NY railway staff rescue a three-year-old boy from railway tracks

Dramatic moment NY Metro North railway staff rescue a non-verbal 3-year-old boy who wanders onto railway tracks by the Hudson River as train approaches

  • An autistic 3-year-old boy was seen climbing over railway tracks near Tarrytown, New York
  • Railway workers stopped a train and rescued him from the electrified third rail
  • Five Metro-North staff were awarded commendations for the successful rescue 

A 3-year-old boy with non-verbal autism was rescued by railway workers who saw him clambering over electrified tracks by the Hudson River in New York.

The toddler was first spotted by an engineer on a train traveling south along adjacent Metro-North tracks at a speed of about 70mph.

The engineer immediately put out an emergency call to an approaching northbound train which then came to a stop, allowing a conductor from that train to run down the tracks and rescue the boy.

As the conductor arrived, he saw the boy climbing over the powered and potentially lethal third rail, protected only by a wooden shroud. 

The boy was not injured and, once on board the train, was reunited with his mother at a train station. She said she had been looking for him for over an hour and that she only turned her back for a moment while he was playing in a park.

A 3-year-old boy with nonverbal autism was rescued by railway workers who saw him clambering over electrified tracks by the Hudson River in New York. Assistant Conductor Marcus Higgins is seen beside the track with the boy

Conductor Higgins, who was on Metro-North Train 737, is pictured running 40 yards down the northbound tracks to rescue the boy

The boy’s mother said she had been in the park with her son and that after turning her back briefly he got away. The boy was eventually reunited with her around an hour after first going missing

The incident happened on April 6 around 3:15pm when engineer William Kennedy caught a glimpse of the toddler on tracks to his left, just north of Tarrytown Station.

Engineer Shawn Loughran was on northbound Train 737, which was on the same tracks as the boy. After hearing the call, he brought the train to a halt and proceeded forward cautiously until the child was visible.

‘Emergency, emergency, emergency,’ he was heard saying over the radio. ‘Metro-North 737 Hudson. We need you to kill the rail, we’ve got a toddler here on the tracks.’ 

In a video of the rescue, railway workers were heard scouring the tracks for the boy as the train moved forward slowly. ‘Just keep it under 50,’ one of the engineers is heard saying. 

‘This toddler’s running on the third rail, over,’ he the said over the radio. ‘I need that rail killed immediately.’

Once they saw the boy, Assistant Conductor Marcus Higgins got down from the train, and was recorded by cameras running 40 yards down the track towards him. He then scooped him up and took him to the side of the track to wait for the train.

‘This is unbelievable, I thought that was a bag,’ said one of the men operating the train. ‘No I could tell by the way he was moving,’ responded another. ‘I just couldn’t tell how big the person was.’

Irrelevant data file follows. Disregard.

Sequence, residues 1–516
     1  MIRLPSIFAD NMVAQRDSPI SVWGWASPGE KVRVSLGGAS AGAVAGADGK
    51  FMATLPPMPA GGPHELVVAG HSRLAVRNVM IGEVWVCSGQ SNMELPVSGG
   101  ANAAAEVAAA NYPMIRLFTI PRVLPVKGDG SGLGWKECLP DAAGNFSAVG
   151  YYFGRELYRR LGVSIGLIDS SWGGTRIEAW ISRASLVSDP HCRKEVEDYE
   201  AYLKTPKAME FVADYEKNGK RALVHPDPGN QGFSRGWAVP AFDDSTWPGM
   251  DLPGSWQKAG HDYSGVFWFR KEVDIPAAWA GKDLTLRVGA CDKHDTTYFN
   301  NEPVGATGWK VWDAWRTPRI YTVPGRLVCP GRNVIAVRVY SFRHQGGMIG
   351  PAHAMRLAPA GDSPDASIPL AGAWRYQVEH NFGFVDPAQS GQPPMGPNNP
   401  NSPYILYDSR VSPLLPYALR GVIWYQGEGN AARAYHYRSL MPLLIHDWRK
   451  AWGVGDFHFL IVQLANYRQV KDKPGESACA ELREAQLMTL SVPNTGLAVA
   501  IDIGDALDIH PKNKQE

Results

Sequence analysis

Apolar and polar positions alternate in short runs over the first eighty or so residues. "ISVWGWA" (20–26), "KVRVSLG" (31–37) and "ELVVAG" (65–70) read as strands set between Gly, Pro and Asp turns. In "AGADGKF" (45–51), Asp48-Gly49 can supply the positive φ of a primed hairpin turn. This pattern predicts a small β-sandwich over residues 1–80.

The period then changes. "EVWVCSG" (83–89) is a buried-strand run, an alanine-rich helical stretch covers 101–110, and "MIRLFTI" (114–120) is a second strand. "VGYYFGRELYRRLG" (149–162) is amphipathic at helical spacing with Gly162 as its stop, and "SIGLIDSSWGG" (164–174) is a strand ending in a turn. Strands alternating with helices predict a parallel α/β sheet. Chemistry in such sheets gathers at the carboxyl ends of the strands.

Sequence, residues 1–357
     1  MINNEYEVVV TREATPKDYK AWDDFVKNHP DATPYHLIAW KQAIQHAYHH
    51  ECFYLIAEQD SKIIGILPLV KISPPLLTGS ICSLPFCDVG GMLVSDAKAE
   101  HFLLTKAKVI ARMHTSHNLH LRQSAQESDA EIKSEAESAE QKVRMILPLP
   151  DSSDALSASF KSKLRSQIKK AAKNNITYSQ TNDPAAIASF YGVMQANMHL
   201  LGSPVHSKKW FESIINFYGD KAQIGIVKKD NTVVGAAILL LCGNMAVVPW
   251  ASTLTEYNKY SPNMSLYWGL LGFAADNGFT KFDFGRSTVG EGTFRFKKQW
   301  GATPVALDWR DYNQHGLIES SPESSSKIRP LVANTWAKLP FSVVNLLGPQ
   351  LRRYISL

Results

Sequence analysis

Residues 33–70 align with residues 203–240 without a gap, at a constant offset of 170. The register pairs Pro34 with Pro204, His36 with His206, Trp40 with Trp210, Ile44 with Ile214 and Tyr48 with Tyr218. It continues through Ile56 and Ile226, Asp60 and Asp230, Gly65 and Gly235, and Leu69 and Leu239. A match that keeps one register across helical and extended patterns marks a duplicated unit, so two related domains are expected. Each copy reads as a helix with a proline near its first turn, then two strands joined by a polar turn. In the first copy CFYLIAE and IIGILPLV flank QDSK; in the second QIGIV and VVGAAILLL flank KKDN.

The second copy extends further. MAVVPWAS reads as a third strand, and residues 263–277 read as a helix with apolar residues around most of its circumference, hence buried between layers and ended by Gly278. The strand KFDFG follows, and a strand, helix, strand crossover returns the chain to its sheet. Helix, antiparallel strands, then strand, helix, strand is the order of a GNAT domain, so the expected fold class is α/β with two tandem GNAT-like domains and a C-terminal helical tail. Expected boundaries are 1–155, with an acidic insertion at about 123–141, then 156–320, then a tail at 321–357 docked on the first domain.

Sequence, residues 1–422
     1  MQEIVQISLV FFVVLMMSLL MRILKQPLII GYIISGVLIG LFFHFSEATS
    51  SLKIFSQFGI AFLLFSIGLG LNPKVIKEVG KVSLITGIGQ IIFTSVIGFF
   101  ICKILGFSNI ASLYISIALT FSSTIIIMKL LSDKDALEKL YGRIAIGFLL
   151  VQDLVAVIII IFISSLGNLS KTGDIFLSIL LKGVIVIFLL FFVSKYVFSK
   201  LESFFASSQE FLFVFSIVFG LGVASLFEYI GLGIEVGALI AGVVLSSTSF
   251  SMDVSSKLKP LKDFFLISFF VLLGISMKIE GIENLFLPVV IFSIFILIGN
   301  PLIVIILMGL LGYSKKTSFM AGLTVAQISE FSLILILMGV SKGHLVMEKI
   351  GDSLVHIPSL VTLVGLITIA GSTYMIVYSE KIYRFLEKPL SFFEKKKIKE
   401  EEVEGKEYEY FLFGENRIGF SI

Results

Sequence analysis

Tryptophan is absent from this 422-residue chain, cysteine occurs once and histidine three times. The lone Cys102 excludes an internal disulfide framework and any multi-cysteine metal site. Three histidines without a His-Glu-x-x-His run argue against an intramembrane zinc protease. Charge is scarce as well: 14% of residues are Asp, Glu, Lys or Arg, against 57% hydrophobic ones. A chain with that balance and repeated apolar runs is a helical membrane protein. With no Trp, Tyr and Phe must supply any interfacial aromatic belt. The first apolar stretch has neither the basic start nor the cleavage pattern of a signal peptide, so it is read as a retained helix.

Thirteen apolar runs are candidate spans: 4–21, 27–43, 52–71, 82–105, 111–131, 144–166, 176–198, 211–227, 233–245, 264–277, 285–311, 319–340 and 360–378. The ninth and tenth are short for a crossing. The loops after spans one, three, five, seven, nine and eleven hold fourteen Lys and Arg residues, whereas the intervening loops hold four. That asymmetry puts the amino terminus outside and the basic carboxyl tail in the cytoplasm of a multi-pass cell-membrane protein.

The boy was taken onto the train and back to Tarrytown Station where he was reunited with his mother and sister, who were seen by police sobbing on a street corner

A view from Beekman Avenue of the stretch of northbound track the boy had been climbing on. Fifty meters to the right is Barnhart Park

Around the same time, two signal maintainers were also heading to the area to help after hearing reports that the boy had been seen.

As Max Chong and Christopher Fraina were on their way they saw the child’s mother an sister sobbing on a street corner, at which point they said they said the 3-year-old boy was missing.

When a Sleepy Hollow police officer also pulled up and mentioned a missing child report, the group realized they were all looking for the same child. 

The police officers and railroad employees then took the family to Tarrytown Station, where the train was waiting with the boy. As the mother entered the train and saw her son, she broke into tears and embraced him. Moments later, his sister came on and also gave him a hug.

It was then that the mother explained to the railway workers and police that her son was autistic and unable to speak. She said they boy had been playing in a nearby park, likely Barnhart Park, which is just next to the railway line.

Five workers involved in the rescue were awarded commendations by the MTA Metro-North President Catherine Rinaldi (in pink) on Monday. Higgins is pictured in the blue shirt and Loughran in black 

Five workers involved in the rescue were awarded commendations by the MTA Metro-North President Catherine Rinaldi on Monday.

‘These fine team members embodied the qualities we want our employees to exhibit while on duty, alert, responsive, knowledgeable and helpful,’ she said.

‘With the bravery and calm comportment of superheroes, they averted a horrific outcome and saw to it that this little boy was not going to become a statistic. We salute their efforts and compassion, and heartily thank them for their dedication to the people we serve.’

Kennedy said it was his fatherly instinct kicked in when he saw the boy.

‘Heading south towards Tarrytown when I noticed something on the tracks, and when I realized it was a child I immediately called in an emergency,’ said Kennedy. 

‘Everybody’s quick thinking and the perfect timing allowed us to get this child off the tracks and back to his family.’

‘It’s a great feeling knowing that we were able to help reunite this family,’ said Fraina, who found the boy’s parents in tears.

‘In those minutes that must have felt like hours to them, I’m so glad we were in the right place at the right time.’

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